A cocktail bar and restaurant mixing history and modernity, a home for bon vivants and seekers of uncharted experiences.
Named after the bohemian freethinkers of the 1950s and ’60s, Beatnik West Town channels the beatnik generation’s sense of style, aspiration and rebellion to create an exotic escape with maximalist interiors, lush gardens, ingredient-led cocktails and globally inspired cuisine.
Mirroring our design-through-storytelling whimsy, Executive Chef Marcos Campos takes guests on a journey through the Middle East with flavors from Lebanon, Jordan, Israel and Northern Syria while utilizing local farms in the Midwest.
Beatnik’s award-winning beverage team, led by industry vanguard Brian Sturgulewski, finds a fine balance between relaxed and attentive service, with a team that elevates the experience with a culinary approach to craft cocktails. Drinks are savory and fresh, with inventive recipes that follow a no-waste sensibility by utilizing kitchen leftovers or ingredients found in our gardens or the cocktails they adorn. Non-alcoholic drinks have been a mainstay of the beverage program since day one, with spirit-free cocktails that share the same flavorful, colorful and fun originality as our spirit-friendly creations.
Our wine list is an artful amalgamation of wines that are progressive, fun and urge your sense of adventure with every sip. It is a compact attaché that contains the story of winemakers who make wine in lesser-known regions of the Mediterranean and the Americas. The winemakers on our list are avant-garde, rebels, artists, and their creations will help you along your adventure from coast to coast.
Beatnik’s aesthetic is driven by a triumphant fusion of three destinations close to our heart: Morocco for its opulent combinations of color and artistic passion, the Mediterranean countryside for its bucolic splendor and Italy for a healthy dose of polish and panache to sex it all up.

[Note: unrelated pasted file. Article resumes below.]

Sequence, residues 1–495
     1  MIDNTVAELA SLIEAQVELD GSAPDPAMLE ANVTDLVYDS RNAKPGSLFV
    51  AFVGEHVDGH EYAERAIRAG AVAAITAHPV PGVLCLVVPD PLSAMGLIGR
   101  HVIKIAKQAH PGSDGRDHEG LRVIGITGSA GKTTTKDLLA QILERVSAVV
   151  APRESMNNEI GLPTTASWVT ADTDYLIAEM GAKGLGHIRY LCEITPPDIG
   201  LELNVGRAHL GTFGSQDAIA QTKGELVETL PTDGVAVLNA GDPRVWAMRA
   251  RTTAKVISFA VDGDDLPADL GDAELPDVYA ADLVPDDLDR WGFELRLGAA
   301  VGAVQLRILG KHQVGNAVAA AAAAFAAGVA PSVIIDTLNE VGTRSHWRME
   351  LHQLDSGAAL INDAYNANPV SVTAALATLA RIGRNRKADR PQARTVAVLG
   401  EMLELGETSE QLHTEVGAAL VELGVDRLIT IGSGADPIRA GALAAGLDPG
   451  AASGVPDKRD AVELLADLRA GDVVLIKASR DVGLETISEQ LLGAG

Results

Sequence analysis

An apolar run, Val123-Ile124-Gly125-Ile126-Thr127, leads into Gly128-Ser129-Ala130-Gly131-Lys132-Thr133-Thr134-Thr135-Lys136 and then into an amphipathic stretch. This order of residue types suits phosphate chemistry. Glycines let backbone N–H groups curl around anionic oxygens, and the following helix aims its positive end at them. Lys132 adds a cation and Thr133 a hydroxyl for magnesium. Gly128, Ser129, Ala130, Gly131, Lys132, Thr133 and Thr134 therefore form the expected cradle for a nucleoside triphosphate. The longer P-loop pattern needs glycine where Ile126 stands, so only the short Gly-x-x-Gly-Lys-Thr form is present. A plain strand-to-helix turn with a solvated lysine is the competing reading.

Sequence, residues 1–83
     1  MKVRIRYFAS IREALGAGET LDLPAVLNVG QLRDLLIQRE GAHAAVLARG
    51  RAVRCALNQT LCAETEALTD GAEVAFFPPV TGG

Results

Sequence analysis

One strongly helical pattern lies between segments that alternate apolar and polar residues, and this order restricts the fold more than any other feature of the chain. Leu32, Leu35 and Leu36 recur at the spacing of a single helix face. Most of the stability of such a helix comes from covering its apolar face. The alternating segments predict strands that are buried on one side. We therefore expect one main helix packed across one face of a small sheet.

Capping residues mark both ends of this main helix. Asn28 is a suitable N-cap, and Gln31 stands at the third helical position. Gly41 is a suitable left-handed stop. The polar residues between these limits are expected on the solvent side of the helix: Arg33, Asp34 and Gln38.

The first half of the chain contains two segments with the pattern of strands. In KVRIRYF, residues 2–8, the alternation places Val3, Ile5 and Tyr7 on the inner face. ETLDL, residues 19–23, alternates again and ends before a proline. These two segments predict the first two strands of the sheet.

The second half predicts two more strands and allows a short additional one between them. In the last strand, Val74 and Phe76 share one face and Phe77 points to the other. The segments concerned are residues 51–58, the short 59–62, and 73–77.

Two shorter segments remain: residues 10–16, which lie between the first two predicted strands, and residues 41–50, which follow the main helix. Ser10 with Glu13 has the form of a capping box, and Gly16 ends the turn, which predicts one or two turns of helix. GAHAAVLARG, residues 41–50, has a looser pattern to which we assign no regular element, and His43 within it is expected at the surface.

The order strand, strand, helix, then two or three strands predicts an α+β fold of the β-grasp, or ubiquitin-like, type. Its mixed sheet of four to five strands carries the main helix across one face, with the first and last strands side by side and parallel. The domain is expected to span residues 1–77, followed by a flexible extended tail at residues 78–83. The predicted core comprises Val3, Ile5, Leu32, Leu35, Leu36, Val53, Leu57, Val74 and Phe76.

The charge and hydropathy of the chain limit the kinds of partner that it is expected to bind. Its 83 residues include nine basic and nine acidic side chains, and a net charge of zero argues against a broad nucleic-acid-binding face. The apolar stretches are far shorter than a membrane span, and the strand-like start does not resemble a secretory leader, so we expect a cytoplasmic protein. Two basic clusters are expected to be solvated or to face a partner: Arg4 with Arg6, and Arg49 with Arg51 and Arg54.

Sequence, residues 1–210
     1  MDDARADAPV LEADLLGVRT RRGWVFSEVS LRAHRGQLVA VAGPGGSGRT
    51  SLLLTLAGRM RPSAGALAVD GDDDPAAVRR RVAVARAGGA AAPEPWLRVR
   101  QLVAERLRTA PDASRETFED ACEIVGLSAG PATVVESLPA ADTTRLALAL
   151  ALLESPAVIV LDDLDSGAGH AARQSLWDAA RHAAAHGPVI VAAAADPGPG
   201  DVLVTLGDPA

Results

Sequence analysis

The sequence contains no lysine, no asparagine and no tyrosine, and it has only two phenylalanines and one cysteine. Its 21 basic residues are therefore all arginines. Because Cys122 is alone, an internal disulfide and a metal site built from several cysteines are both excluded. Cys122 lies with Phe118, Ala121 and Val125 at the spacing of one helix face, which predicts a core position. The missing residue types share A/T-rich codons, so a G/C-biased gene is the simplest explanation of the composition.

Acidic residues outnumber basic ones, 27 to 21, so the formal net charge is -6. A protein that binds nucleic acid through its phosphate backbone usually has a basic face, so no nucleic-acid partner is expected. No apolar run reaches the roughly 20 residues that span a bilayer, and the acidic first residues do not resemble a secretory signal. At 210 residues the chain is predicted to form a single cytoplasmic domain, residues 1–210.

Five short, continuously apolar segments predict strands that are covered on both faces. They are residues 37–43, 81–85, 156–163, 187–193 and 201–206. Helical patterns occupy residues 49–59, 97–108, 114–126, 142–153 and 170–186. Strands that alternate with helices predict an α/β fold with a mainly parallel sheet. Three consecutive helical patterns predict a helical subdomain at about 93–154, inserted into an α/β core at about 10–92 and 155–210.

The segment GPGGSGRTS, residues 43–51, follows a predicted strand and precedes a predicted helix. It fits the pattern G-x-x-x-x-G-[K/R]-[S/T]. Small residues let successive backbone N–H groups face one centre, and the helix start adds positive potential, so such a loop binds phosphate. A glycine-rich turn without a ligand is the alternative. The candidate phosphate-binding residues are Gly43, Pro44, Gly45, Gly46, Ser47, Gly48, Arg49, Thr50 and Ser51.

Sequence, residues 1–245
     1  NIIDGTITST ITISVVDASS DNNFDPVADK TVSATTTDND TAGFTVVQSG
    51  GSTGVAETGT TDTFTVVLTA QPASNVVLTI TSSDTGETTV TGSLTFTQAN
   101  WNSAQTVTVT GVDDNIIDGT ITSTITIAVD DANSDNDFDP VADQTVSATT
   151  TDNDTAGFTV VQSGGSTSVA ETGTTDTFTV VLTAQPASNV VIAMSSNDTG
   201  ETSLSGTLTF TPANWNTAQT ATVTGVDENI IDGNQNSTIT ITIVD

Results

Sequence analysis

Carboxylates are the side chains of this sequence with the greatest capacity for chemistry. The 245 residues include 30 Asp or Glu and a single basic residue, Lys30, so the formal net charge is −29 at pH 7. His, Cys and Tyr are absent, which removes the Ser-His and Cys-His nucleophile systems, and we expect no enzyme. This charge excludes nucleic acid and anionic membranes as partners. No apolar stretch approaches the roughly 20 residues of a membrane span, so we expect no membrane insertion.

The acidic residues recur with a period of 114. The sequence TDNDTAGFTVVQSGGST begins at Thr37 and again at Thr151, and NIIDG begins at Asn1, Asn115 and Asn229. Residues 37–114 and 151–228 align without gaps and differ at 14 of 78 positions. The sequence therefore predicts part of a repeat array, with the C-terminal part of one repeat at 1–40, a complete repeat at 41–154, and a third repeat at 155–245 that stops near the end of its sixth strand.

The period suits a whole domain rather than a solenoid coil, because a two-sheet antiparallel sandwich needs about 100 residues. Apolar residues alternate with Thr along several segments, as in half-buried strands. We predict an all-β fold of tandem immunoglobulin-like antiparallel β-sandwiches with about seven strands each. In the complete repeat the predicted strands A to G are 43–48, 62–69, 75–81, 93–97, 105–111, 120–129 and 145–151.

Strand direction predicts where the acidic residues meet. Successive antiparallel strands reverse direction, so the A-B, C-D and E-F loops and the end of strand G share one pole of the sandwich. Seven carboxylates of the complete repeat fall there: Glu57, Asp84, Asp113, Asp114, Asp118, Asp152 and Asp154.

Concepted and designed by Maison Bonhomme, the contrasting styles and textures of Beatnik West Town feature antique pieces from around the world and more than 400 living plants throughout the 6,000-square-foot, 200-seat space. Expanding on the definition of what a Chicago restaurant should and could look like, our vast collection of exceptional antiques was carefully curated over two years, and when coupled with custom-designed pieces, push the boundaries of maximalist restaurant design in Chicago.
Some of the more remarkable pieces in our collection include:
· An enormous, 40-foot-wide by 10-foot-tall, Carved Teak Façade was imported from Bali, where it had been the façade of a grand home, to be a centerpiece of the dining room // circa 1900
· 15 Massive Crystal Chandeliers were salvaged from the Ballroom of the Historic, Yamasaki-designed century Plaza Hotel in Los Angeles and today hang throughout the courtyard and dining room, generously adding history and glamour to the space // 1966
· Glazed terra cotta tiles were used throughout the Andalusian-inspired courtyard to design and fabricate the bar and several spectacular custom planters
· The main bar was built by marrying an Art Deco Tile Front Counter from Paris (circa 1920) and Artisanal Brass Elements (20-foot-long elaborate Brass Bar Counter and Four 6-foot-wide Multi-tiered Brass Shelves) fabricated by Chicago’s Wayward Machine Co.
· 20 Restored Cast Iron “Teardrop” Chicago Street Lights were flipped upside down and hung above the main bar // circa 1970
· Monumental 30-foot-wide by 13-foot-tall Pine Cabinets from the Terme di Salsomaggiore were used as both decorative elements and as the principal storage spaces for the bar team // Parma, Italy // circa 1930
· Newspaper Letter Press Printers Trays were used to create texture by cladding one of the bars and framing the open kitchen // circa 1900
· Custom Wall Coverings and Floor Mural by local artist Erik DeBat inspired by the Prints & Garments created by Fashion Icon Emilio Pucci // Chicago // 2017
· Wrought Iron Wellhead from an Olive Grove in Malaga, Spain owned by an American who worked for the Secretary of State in the early part of the 20th century // 18th century
· Shop Counter from the Oldest General Store in Illinois // Woodstock, IL // circa 1900
· “Caramelera” Candy Display from a Sweets Shoppe // Argentina // circa 1920
· Carved Wood Doors from a Home in Egypt // circa 1900